Interclean’s Future Disinfection Now 2017 conference took place on Tuesday 28 February at Rydges, Melbourne and Thursday 2 March at Waterview Bicentennial Park, Sydney. INCLEAN assistant editor Lizzie Hunter joined other healthcare and infection control professionals at the conference to find out more about the current and future challenges of environmental disinfection in hospital and aged care facilities, and what cleaning supervisors, managers and contractors can do to address these issues.
“Learn from the past to prepare for the future”
Global chief clinical officer at Pentax Medical, Dr Hudson Garrett Jr was the first speaker to be welcomed to the stage to discuss the role of the clinical environment in the transmission of healthcare associated infections (HAI).
“I don’t know about you, but I don’t go to the hospital and say, ‘I’d like to sign the forms to be admitted, and oh, by the way, I would like a complimentary staph infection’ – no-one says that,” he exclaimed. “But in reality, that’s what happens every single day across the world.”
According to Garrett, many HAIs are preventable with current recommendations, yet only 30 to 38 per cent of hospitals are fully compliant, with only 40 per cent of healthcare personnel adhering to proper hand hygiene.
He demonstrated how easily transmission of HAIs can occur through a simple handshaking exercise, explaining that healthcare workers need to “learn from the past to prepare for the future”.
“What we do in healthcare must always derive value for the patient. If it doesn’t, we need to get rid of it. If there is a way to reproduce best practice – we need to follow it. We need to make better educated decisions and spend our resources appropriately.”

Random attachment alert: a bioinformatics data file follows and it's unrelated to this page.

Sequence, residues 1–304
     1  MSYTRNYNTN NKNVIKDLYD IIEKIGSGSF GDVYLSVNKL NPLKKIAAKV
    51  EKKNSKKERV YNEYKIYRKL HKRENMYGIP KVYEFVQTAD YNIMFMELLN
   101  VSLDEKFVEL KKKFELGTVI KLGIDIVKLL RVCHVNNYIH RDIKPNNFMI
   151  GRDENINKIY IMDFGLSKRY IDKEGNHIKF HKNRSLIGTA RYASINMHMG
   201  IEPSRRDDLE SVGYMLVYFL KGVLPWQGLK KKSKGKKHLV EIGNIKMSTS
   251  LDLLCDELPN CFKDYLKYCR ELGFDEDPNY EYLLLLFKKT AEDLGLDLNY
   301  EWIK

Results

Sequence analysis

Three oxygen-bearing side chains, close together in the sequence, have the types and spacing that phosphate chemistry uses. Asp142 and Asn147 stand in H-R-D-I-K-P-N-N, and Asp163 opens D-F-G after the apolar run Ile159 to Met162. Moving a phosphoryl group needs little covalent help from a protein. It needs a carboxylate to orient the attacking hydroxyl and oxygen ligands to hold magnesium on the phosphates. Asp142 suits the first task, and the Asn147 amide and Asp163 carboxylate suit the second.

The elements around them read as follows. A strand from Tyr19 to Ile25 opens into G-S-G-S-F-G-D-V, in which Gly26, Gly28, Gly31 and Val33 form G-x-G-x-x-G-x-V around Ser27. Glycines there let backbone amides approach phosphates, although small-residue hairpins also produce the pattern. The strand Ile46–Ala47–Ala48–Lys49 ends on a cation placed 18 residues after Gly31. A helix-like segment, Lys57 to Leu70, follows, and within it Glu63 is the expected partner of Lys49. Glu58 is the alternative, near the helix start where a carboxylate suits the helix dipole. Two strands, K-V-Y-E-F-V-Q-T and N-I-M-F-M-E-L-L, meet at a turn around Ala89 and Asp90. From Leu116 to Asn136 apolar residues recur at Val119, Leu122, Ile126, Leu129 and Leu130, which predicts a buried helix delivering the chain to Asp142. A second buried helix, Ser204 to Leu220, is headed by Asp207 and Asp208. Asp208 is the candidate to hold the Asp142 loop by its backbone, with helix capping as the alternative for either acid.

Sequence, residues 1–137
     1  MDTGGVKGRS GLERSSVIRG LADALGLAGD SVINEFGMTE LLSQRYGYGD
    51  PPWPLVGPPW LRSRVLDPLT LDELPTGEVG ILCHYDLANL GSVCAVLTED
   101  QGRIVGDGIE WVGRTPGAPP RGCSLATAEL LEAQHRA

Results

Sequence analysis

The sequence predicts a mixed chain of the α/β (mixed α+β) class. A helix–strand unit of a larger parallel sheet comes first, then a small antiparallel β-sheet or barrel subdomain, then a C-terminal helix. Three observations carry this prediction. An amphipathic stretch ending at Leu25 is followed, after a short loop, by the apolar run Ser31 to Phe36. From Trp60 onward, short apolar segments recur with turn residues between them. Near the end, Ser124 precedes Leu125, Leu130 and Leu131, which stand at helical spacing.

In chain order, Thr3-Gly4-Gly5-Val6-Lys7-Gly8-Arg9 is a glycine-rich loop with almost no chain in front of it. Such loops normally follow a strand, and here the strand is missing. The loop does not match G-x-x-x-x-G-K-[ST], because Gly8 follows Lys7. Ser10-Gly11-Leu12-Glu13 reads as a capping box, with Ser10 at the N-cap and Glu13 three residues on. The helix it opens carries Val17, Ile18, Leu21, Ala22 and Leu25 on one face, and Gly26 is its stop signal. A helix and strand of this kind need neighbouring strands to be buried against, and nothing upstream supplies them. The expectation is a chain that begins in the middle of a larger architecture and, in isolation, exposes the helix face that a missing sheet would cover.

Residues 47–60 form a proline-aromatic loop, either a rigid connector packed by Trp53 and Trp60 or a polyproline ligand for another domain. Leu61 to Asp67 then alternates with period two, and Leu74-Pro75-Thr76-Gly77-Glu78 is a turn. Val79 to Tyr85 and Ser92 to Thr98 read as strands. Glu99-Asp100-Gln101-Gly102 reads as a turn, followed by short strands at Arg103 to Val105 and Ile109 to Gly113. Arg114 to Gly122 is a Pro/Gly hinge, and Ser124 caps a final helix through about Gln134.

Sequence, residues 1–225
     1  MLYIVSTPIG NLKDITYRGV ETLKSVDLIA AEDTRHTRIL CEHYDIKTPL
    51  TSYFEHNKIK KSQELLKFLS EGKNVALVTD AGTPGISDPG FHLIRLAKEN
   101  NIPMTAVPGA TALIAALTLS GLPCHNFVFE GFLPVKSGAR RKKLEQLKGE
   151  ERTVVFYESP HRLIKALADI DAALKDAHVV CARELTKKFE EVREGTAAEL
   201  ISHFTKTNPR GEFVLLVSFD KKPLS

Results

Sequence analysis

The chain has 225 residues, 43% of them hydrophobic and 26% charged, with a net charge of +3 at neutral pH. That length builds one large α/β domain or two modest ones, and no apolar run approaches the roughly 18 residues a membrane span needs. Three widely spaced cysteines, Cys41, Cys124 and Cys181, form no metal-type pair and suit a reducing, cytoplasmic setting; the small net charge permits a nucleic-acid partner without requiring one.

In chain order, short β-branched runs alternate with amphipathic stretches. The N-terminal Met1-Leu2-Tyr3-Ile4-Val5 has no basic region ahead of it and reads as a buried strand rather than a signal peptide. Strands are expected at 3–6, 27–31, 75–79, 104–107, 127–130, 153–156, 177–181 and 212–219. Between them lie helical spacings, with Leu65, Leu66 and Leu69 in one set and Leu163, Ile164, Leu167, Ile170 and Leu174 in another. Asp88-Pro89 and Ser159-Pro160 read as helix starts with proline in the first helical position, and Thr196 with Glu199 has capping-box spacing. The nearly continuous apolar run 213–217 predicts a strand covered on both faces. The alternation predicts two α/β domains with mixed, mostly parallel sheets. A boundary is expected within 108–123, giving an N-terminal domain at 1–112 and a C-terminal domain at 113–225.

Hudson also posed the question, “Why can’t the healthcare industry be more like the airline industry?” after recounting what happened when a flight he was on from Dallas to Texas had to make an emergency landing.
“Airline industry employees are so well trained to be a cross functional team; after the pilot announced we were to prepare for an emergency landing, everyone worked in coordination; the flight attendants knew what to do, the pilot knew what to do, and the air traffic control knew what to do. Why can’t we take that same approach – where everyone works together – and apply it to environmental services to provide safe care for patients?”
This article first appeared in the May/June issue of INCLEAN magazine. Click here to continue reading…